Date of Establishment: September 21, 1964

Brief history:

Ancient History: Malta has a long history of settlement dating back to prehistoric times, evidenced by its megalithic temples, which are among the oldest free-standing structures in the world. It was inhabited by various civilizations, including the Phoenicians, Greeks, and Carthaginians.

218 BCE – 870 CE: Malta was part of the Roman Empire from 218 BCE, which brought significant development. Following the fall of the Western Roman Empire, Malta came under the control of the Byzantine Empire. In 870 CE, Malta was conquered by the Arabs, who influenced the Maltese language and culture.

1091 – 1530: In 1091, Malta was conquered by the Normans and subsequently became part of the Kingdom of Sicily. During this period, Malta experienced various shifts in control, including periods under the rule of the Hohenstaufen, Angevins, and Aragonese.

1530 – 1798: In 1530, Emperor Charles V ceded the islands of Malta and Gozo to the Order of Knights of the Hospital of Saint John of Jerusalem (Knights Hospitaller). The Order fortified the islands and famously withstood the Great Siege by the Ottoman Empire in 1565. The Knights Hospitaller ruled until the French invasion in 1798.

1798 – 1800: Napoleon Bonaparte occupied Malta in 1798 during his campaign in Egypt. However, the French rule was short-lived, as the Maltese, with the help of British and Neapolitan forces, successfully revolted against the French, leading to a blockade and the eventual surrender of French forces in 1800.

1800 – 1964: Malta became a British protectorate in 1800 and a crown colony in 1813. Under British rule, Malta became a significant naval base, particularly during the Crimean War and World War II. The island played a crucial role in the Allied war effort and was awarded the George Cross in 1942 for bravery.

September 1964: Malta gained independence from the United Kingdom on September 21, 1964, becoming a constitutional monarchy with Queen Elizabeth II as the head of state.

December 1974: Malta became a republic on December 13, 1974, with its own president as the head of state. However, it did not withdraw from the Commonwealth; it remains a member to this day.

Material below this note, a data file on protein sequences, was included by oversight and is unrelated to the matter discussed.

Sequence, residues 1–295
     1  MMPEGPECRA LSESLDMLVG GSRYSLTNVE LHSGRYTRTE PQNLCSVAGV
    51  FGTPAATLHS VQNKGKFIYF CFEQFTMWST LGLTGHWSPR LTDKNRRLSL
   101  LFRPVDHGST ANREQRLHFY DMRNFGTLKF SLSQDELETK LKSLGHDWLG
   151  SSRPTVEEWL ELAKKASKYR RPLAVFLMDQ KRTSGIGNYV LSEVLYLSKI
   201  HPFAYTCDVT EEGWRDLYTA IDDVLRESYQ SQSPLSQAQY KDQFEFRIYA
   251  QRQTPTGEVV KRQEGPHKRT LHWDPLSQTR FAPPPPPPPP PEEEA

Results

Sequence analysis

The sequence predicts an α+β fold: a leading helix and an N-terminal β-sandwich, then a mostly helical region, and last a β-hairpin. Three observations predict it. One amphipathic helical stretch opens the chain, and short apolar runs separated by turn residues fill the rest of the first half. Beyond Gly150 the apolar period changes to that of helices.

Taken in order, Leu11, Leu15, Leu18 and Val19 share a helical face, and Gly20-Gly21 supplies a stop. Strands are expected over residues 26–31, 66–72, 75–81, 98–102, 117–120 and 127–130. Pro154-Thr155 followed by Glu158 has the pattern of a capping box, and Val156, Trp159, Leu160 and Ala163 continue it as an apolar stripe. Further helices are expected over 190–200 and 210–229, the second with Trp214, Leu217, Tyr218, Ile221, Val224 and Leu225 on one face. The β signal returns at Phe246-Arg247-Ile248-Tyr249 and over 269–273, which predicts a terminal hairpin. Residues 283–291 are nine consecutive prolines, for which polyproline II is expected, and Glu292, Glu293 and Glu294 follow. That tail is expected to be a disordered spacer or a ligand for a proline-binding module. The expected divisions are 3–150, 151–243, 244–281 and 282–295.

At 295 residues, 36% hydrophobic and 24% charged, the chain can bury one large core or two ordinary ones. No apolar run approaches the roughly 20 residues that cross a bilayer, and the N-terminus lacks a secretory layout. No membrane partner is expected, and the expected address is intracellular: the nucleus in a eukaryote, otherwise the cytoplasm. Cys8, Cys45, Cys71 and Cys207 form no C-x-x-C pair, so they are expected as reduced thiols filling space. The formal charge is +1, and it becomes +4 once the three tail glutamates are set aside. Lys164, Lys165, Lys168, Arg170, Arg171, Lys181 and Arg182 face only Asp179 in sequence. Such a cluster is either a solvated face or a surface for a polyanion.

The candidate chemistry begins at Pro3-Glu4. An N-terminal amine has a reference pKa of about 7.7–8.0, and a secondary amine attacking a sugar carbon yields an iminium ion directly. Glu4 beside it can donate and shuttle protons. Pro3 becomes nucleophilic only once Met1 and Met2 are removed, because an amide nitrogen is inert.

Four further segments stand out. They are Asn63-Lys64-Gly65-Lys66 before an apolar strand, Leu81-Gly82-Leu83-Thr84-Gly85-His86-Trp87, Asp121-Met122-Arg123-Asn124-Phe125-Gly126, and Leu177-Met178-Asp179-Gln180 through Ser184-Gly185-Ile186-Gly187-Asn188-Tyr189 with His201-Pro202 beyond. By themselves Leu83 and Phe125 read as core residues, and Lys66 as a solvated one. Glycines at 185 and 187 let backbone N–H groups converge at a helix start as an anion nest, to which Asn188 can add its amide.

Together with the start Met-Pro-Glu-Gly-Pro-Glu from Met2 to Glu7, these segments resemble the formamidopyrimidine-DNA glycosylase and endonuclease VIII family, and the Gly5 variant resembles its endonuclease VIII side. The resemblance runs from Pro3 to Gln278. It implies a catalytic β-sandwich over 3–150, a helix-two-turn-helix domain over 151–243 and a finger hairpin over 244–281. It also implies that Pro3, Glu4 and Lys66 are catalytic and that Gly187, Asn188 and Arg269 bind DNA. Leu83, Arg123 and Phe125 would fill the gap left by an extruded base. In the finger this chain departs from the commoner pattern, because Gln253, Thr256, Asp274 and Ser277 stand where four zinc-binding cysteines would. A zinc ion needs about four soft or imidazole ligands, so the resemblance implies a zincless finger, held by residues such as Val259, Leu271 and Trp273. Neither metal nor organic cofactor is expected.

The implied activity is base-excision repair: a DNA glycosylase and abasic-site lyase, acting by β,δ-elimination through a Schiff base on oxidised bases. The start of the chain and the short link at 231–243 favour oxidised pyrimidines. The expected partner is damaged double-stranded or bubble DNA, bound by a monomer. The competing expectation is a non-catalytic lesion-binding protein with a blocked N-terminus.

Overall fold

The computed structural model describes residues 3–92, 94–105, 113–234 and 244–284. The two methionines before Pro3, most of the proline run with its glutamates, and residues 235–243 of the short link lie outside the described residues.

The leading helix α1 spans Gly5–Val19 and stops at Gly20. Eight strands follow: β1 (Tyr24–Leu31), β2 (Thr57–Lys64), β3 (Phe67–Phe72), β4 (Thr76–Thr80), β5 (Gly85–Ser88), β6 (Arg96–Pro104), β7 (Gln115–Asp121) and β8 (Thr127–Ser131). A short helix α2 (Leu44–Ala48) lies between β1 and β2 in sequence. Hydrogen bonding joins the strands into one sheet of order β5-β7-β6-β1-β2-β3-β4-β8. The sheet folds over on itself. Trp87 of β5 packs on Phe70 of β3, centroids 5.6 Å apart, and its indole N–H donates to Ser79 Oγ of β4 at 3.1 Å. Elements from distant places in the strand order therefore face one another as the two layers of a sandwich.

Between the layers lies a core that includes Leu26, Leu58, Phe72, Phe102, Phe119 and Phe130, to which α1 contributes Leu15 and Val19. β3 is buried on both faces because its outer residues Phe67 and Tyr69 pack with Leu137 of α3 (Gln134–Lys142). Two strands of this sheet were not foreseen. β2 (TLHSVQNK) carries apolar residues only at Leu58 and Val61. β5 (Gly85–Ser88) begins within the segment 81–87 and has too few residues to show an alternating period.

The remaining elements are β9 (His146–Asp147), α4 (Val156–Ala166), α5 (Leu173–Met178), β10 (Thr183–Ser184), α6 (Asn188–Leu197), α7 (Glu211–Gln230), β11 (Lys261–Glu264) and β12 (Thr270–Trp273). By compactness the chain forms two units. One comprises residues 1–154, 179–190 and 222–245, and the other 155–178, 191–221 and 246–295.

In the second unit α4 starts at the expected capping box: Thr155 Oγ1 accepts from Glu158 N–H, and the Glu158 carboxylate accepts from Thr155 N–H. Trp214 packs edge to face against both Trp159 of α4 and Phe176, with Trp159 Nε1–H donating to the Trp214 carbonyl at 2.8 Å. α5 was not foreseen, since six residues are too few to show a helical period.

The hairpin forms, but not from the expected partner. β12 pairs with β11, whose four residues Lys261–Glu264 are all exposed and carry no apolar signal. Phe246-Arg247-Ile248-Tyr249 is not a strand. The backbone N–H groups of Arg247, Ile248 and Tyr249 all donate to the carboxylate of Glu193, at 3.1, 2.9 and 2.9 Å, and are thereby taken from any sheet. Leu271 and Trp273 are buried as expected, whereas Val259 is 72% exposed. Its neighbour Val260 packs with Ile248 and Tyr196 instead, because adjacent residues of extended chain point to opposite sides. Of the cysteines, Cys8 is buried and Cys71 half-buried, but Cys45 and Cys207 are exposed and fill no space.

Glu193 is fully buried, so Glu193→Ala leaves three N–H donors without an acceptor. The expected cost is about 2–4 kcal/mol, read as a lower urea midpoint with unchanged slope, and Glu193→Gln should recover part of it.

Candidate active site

2004: Malta joined the European Union on May 1, 2004, further integrating into the European community and adopting the euro as its currency in 2008.


International Abbreviation: M


Currency: Euro (EUR)

Before adopting the euro, Malta used the Maltese lira (Maltese pound, Lm or ₤). The transition to the euro allowed for easier and smoother trade with other EU countries and facilitated travel for tourists. Since the adoption of the euro, the lira is no longer valid and cannot be used as legal tender.


Internet Domain: .mt


Dialing code: +356


Time zone: +1 GMT



Malta is an island country located in the central Mediterranean Sea, south of Italy. It consists of several islands, of which only three are inhabited: Malta, Gozo, and Comino, although Comino has a very small population.

The country is known for its rocky coastlines, picturesque bays, beautiful beaches, and warm Mediterranean climate.


Highest Point: Ta’ Dmejrek 253 m (831 ft) above sea level

This peak is located on the island of Gozo. Ta’ Dmejrek reaches an elevation of 253 meters (831 feet) above sea level and is the highest point in the entire Maltese archipelago. The peak offers stunning views of the surrounding landscape and the Mediterranean Sea. As Gozo is hillier than Malta, Ta’ Dmejrek is a popular spot for tourists seeking beautiful vistas and pleasant nature walks.



Malta has a Mediterranean climate, typical for the region. This means mild and humid winters and hot, dry summers.

The best time to visit depends on preferences – some people prefer the hot summers for swimming and sunbathing, while others may prefer milder temperatures in spring or autumn for exploring nature and historical sites.


Flora and Fauna:

Malta has Mediterranean vegetation with typical species such as olive trees, fig trees, lemon trees, cypresses, and carob trees. The Maltese Centaury (Cheirolophus crassifolius) is a characteristic flower and the national plant of the country.

Notable bird species in Malta include the blue rock thrush (the national bird), peregrine falcon, and European kingfisher. Reptiles include the western whip snake, the Maltese wall lizard, and the Mediterranean chameleon. Malta is home to various insects, including butterflies, dragonflies, grasshoppers, and beetles. Notably, the Maltese islands do not have any venomous snakes such as vipers.



The limited land area and dry Mediterranean climate influence agriculture on the islands of Malta. The main crops grown include olives, grapes (for wine production), figs, and horticultural produce such as tomatoes, cucumbers, melons, and peppers. Additionally, other crops such as potatoes, onions, and citrus fruits like oranges and lemons are also cultivated. Livestock farming is significant, with sheep and poultry being common, but rabbit farming is also notable in Malta’s agricultural sector, with rabbit meat being a traditional delicacy. Furthermore, beekeeping is an important agricultural activity, contributing to honey production and pollination services for crops.


Raw materials extraction: